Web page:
WASHINGTON, DC – National Council of Textile Organizations (NCTO) President & CEO Auggie Tantillo testified at the U.S. Trade Representative’s (USTR) hearing on Negotiating Objectives Regarding Modernization of North American Free Trade Agreement (NAFTA) with Canada and Mexico held in Washington, DC on Tuesday, June 27.
In his remarks as prepared for delivery, Tantillo outlined the U.S. textile industry’s NAFTA negotiating objectives:
“On behalf of the National Council of Textile Organizations, thank you for the opportunity to provide input as USTR develops its objectives for modernizing NAFTA. NCTO represents the full spectrum of the U.S. textile sector, from fibers to yarns to fabrics to finished products, as well as suppliers of machinery, chemicals, and other products and services with a stake in the prosperity of our industry. The entire U.S textile manufacturing chain, from fiber through finished sewn products, employs 565,000 workers nationwide. In 2016, the industry manufactured over $74 billion in output, while exporting more than $26 billion of our production.
We strongly support President Trump’s intention to reopen NAFTA and agree that it can be updated and improved to significantly enhance U.S. textile production, exports, and employment. The NAFTA region enjoys vibrant fiber, yarn, and fabric sectors in addition to cut and sew capabilities. As a result, NCTO supports building on the successes of NAFTA through seeking reasonable improvements to the agreement, but not a cancellation thereof, due to the high level of supply chain integration that exists today.
This partnership is evidenced by robust trade flows. The U.S. textile sector has a demonstrated capability of developing export markets within the NAFTA region. In fact, Mexico and Canada are our two largest export markets, where U.S. textile and apparel exports topped $11 billion in 2016. Furthermore, we maintain a positive trade balance in the sector with our NAFTA partners, achieving a $3.5 billion surplus last year.
NCTO does not foresee a need to reinstate tariffs on NAFTA-qualifying trade. Instead, we recommend a thorough review of the rules of origin to ensure that lucrative tariff benefits are appropriately reserved for manufacturers within the region. NAFTA is based on a yarn-forward rule of origin for textile and apparel trade, a main driver for the integration that has developed among the three countries. Yarn forward was originally devised under NAFTA and is the accepted rule for the industry and the U.S. government in every free trade agreement (FTA) since because it reserves key benefits for manufacturers within the signatory countries. It is also easier to enforce than a value-added rule.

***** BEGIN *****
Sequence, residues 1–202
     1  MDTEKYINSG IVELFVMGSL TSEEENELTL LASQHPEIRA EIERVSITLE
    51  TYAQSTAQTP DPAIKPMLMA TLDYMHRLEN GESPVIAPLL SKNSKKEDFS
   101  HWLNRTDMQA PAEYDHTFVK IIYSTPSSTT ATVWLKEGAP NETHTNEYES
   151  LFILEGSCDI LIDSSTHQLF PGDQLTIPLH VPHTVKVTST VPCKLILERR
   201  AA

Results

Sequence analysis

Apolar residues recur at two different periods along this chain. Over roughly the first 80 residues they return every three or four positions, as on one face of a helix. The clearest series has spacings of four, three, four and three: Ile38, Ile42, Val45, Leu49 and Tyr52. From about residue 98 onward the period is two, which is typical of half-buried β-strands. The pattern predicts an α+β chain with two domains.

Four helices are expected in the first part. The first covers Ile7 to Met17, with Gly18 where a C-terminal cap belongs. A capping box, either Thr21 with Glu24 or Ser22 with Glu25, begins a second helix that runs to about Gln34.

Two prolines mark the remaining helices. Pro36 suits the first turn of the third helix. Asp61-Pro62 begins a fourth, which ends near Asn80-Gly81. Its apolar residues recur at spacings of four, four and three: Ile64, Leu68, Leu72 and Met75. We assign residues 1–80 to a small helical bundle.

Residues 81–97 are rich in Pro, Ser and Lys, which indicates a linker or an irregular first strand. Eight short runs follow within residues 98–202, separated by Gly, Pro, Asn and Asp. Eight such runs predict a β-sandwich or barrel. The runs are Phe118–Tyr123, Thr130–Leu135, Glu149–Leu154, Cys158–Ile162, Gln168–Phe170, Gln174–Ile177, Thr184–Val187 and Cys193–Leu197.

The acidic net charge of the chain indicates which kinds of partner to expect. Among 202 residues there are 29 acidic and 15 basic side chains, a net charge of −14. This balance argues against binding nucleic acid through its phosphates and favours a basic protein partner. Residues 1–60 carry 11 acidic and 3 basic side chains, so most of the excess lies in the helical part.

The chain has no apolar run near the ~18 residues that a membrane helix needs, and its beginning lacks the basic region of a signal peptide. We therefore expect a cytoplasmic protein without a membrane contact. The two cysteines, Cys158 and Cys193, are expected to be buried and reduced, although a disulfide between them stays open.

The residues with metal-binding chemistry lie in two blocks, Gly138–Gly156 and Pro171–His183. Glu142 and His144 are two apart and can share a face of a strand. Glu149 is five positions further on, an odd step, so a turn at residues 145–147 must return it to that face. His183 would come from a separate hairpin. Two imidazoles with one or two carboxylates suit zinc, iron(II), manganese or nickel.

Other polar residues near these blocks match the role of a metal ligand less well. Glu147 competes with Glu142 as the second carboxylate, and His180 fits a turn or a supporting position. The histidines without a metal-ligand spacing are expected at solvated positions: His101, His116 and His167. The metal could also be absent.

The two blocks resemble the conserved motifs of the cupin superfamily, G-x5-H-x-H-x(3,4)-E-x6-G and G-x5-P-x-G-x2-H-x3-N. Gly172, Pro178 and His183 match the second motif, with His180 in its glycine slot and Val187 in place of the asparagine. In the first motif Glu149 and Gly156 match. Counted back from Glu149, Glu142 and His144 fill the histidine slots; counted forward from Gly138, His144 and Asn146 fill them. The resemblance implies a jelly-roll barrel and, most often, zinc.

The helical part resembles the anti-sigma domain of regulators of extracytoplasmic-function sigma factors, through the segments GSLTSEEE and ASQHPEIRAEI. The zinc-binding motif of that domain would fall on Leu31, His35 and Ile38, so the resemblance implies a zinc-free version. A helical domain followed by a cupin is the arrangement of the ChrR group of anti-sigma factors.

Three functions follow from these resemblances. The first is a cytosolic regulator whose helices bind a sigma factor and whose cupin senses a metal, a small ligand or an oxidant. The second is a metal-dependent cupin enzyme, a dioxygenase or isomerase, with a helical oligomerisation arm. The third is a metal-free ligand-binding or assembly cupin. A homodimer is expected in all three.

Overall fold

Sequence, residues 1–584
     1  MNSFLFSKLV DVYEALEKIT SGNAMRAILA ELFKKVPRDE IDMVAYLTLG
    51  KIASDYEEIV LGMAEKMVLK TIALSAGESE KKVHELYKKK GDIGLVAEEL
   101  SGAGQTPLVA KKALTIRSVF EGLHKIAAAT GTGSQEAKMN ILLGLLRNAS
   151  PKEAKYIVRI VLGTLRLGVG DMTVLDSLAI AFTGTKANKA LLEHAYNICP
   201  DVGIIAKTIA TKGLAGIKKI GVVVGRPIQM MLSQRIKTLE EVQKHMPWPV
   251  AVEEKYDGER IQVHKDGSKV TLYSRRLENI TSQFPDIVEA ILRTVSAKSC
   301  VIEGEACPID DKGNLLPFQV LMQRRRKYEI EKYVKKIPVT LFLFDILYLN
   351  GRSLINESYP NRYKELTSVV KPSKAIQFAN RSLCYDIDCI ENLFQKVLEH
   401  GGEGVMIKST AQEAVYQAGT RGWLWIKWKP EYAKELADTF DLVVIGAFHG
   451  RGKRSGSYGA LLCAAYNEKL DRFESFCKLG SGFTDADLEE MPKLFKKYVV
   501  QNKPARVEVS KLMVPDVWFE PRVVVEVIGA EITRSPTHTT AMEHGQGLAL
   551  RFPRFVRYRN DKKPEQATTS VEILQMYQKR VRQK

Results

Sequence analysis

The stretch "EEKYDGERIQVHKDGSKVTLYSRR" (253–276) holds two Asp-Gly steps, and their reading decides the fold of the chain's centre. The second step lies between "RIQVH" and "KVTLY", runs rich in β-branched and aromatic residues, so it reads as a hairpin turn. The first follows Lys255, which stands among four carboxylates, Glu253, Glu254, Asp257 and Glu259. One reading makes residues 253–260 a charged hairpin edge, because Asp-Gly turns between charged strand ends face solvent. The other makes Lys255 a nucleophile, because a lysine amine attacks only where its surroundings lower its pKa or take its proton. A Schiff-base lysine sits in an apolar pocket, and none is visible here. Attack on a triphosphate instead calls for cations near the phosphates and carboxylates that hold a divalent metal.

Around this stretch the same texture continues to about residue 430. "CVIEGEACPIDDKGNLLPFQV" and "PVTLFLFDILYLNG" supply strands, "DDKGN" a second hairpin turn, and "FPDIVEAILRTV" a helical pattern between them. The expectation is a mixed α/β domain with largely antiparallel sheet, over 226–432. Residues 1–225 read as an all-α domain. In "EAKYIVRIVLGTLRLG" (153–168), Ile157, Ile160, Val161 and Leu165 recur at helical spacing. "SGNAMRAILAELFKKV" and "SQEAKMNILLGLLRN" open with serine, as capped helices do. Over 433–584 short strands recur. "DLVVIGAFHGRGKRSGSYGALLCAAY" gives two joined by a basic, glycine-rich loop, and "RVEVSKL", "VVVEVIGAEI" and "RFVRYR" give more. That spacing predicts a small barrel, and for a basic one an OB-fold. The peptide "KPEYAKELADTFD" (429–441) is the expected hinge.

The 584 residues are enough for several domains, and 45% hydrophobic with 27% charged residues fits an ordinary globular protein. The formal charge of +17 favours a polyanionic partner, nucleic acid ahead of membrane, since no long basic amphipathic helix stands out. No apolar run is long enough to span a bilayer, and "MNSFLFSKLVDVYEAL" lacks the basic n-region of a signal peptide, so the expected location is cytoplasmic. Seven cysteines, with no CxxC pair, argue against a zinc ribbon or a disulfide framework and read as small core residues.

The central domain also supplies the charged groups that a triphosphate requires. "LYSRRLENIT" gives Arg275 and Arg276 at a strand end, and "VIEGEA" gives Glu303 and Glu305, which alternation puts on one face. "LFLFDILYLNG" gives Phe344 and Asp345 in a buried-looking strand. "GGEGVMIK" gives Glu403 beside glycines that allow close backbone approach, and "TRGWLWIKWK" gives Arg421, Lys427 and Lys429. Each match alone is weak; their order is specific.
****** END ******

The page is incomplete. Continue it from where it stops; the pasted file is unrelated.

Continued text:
Despite the logic of the yarn-forward structure, most U.S. FTAs, including NAFTA, also contain damaging loopholes in the textile rules of origin. The most egregious example is tariff preference levels. Tariff preference levels (TPLs) allow for products to be shipped duty free despite their components, representing the bulk of the value, being sourced from outside countries. For example, a cotton top, made from Chinese yarn and fabric, can be cut and sewn in Mexico and shipped duty free to the United States. Consequently, TPLs undermine benefits for NAFTA textile manufacturers, transferring them to non-signatories, such as China, who often use predatory trading practices and have made no market-opening concessions themselves.
Altogether, Mexico and Canada may ship nearly 236 million square meter equivalents of apparel, made-ups, and fabric and 12.8 million kilograms of yarn containing third-party inputs annually under the TPLs. It is our strong recommendation that the NAFTA TPL regime be eliminated.
Beyond TPLs, there are other yarn-forward derogations, including assembly-only rules for certain garments. These additional loopholes warrant analysis to determine whether they should be eliminated or adjusted to enhance the benefits for U.S. textile manufacturers under the agreement. We also believe that there should be a review of certain buy-American concessions that were unnecessarily granted to our NAFTA partners.
As a final point, it is our view that there has been a systematic deemphasis of commercial fraud enforcement at U.S. Customs and Border Protection (CBP) over the past 30 years. CBP suffers from both a lack of resources and focus particularly considering the layering of new trade agreements and significant increase in imports over this time. As a result, the benefits of NAFTA are being siphoned off by those willing and able to circumvent U.S. trade laws. Our sector is especially prone to fraud, noting that textiles and apparel represent 40 percent of all U.S. duties collected, or $14 billion a year. Clearly, improving NAFTA customs enforcement should be a major focus of this renegotiation.
In conclusion, we fully agree with President Trump that NAFTA can be improved through a set reasonable adjustments to the current text designed to enhance U.S. textile manufacturing and exporting. Further, we believe that by closing unnecessary loopholes in the agreement and placing a greater emphasis on customs enforcement, all parties throughout the NAFTA region will benefit. Doing so will help to build on the vibrant textile and apparel production chain in North America that has evolved under NAFTA.
Thank you for your consideration of our views, and NCTO looks forward to working with the Trump administration as the NAFTA modernization effort progresses.”
CONTACT: Lloyd Wood
(202) 822-8028 or firstname.lastname@example.org
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